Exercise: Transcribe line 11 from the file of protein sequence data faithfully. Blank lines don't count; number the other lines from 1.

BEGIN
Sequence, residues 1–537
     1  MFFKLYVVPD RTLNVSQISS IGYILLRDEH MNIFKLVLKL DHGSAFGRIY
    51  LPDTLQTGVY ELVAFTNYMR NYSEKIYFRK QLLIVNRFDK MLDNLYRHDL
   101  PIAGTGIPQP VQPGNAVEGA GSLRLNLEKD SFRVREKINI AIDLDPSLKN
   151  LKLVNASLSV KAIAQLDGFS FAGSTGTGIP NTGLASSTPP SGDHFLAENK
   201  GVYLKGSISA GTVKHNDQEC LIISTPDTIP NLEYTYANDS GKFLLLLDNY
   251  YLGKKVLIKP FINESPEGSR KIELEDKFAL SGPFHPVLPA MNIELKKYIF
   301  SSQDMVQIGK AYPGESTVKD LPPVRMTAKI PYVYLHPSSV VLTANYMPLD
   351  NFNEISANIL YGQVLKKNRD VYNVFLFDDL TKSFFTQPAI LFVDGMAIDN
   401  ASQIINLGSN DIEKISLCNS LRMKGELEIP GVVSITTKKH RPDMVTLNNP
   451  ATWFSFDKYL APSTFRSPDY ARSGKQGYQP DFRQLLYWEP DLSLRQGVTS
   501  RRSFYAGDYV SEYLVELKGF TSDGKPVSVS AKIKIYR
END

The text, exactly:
   451  ATWFSFDKYL APSTFRSPDY ARSGKQGYQP DFRQLLYWEP DLSLRQGVTS